Secretary of State John F. Kerry, back left, sits with Afghan President Ashraf Ghani prior to bilateral talks at a security conference in Munich. (Matthias Schrader/AFP/Getty Images)

Turkey will supply ground forces to an anti-Islamic State coalition in Syria and will allow Saudi Arabian strike missions against the militants from its air bases, Turkish Foreign Minister Mevlut Cavusoglu said in an interview published Saturday.

The Saudis have already visited the Turkish base at Incirlik, where U.S. warplanes are launching attacks against the Islamic State, in preparation for the new deployment, Cavusoglu told the pro-government Turkish newspaper Yeni Safak after speaking at an international security conference here.

Turkey’s commitment comes after Saudi Arabia and the United Arab Emirates said they would supply Special Forces troops as part of the U.S.-led coalition. Defense Secretary Ashton B. Carter appealed to coalition partners this past week in Brussels to provide more resources. U.S. Special Operations forces are already working in Syria.

Cavusoglu emphasized that no strategy for joint ground operations has yet been presented to the coalition. “If we have such a strategy, then Turkey and Saudi Arabia may launch an operation from the land,” he said. Referring to criticism that Turkey has been “unwilling” to join the fight against the Islamic State, he said his government has been “pushing for more tangible suggestions.”

In a speech to the conference Saturday, Secretary of State John F. Kerry said defeating the Islamic State “is not an overnight proposition. It’s going to take time. But I tell you this,” Kerry said, “President Obama is determined that it will not take too much time. And we welcome the recent announcements a number of countries have made to intensify their support.”

Kerry also devoted part of his remarks to reassuring Europe that the United States understands the pressure it is under from the flood of more than a million migrants and refugees fleeing Syria’s civil war and conflicts across the Middle East, South Asia and Africa. Some European leaders have said that the U.S. administration fails to grasp the seriousness of the fissures that the influx has opened in postwar European unity.

“I want to make it clear to all of you,” Kerry said. “The United States isn’t sitting across the pond, saying this is your problem, not ours. . . . The United States understands the near-existential nature of this threat to the politics and fabric of life in Europe.”

That is why, he said, the administration promoted and would join a new NATO initiative to send warships to the eastern Mediterranean to “close off a key access route” for migrants traveling by sea from Turkey to Greece to reach the heart of Europe.

In response to Eastern European fears that ongoing Russian intervention in Ukraine presages an attempt to expand Moscow’s influence throughout the region, Kerry said the United States had also “upgraded our commitment to European security with a planned fourfold increase in spending” from $790 million to $3.4 billion. “This will allow us to maintain a division’s worth of equipment in Europe and an additional combat brigade in Central and Eastern Europe,” he said.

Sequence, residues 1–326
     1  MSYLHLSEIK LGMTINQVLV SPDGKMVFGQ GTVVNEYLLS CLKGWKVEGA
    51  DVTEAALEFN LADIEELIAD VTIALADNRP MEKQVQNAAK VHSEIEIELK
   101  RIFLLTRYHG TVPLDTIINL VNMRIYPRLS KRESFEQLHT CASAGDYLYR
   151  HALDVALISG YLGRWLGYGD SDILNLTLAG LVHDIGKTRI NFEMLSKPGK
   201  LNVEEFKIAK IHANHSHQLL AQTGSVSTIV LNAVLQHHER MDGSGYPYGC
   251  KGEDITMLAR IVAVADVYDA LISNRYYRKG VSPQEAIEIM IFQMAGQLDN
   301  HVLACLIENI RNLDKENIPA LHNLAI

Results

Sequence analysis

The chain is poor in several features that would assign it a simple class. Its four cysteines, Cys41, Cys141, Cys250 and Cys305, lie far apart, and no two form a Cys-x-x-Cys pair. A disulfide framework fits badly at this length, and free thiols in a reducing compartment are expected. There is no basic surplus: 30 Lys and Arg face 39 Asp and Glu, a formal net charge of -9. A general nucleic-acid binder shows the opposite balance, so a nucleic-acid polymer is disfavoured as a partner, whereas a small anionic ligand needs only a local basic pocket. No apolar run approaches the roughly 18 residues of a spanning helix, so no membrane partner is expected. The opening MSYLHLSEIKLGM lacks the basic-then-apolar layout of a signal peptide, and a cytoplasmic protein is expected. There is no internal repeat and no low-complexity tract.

“Those who claim our transatlantic partnership is unraveling — or those who hope it might unravel — could not be more wrong,” Kerry said. “They forget — or they never understood — why we came together in the first place: not just to sail along in the best of times but to have each other’s backs when the seas are rough.”

In remarks to the conference earlier Saturday, Russian Prime Minister Dmitry Medvedev said that relations between Russia and the West have effectively entered a new Cold War.

“As we see it,” he said, “NATO’s political line toward Russia remains unfriendly and closed. I can say even more harshly: We have slipped into a new Cold War era.” Due to Ukraine-related sanctions and the drop in oil prices, he said, European Union trade with Russia has dropped by nearly half, to $265 billion.

Medvedev also challenged Western assertions that Russian airstrikes in support of Syrian President Bashar al-Assad have killed civilians there. “No one has yet presented any evidence of our airstrikes hitting the civilian populations,” he said.

He warned the West “not to threaten a ground operation in Syria” and said that “regular cooperation between Russia and the United States will be crucial. And I mean regular — every day.”

While Russia has insisted that its Syrian airstrikes are directed toward the same “terrorists” as U.S. strikes against the Islamic State, Kerry said that “to date, the vast majority, in our opinion, of Russia’s attacks have been against legitimate opposition groups” fighting Assad’s forces and that civilians continue to be struck.

Russia has repeatedly appealed for U.S. coordination, including shared intelligence, in what it describes as a joint fight against the Islamic State. The Obama administration has said it is uninterested in cooperation until the airstrikes against opposition forces and civilians stop.

The conflicting U.S. and Russian views of reality — and the growing overlap between the ­anti-Islamic State effort and Syrian civil war — are likely to clash directly this week, as the two countries head a task force to implement a Syrian cease-fire agreed to early Friday by a group of 17 nations supporting one side or the other in the civil war.

Under the deal, both sides in the fighting are to allow immediate humanitarian access to areas that have been cut off to all aid, primarily by the Syrian government. Fighting is to end next Friday, followed by a resumption of political negotiations between the government and U.S.-backed opposition forces.

“To adhere to the agreement it made,” Kerry said, “we think it is critical that Russia’s targeting change.”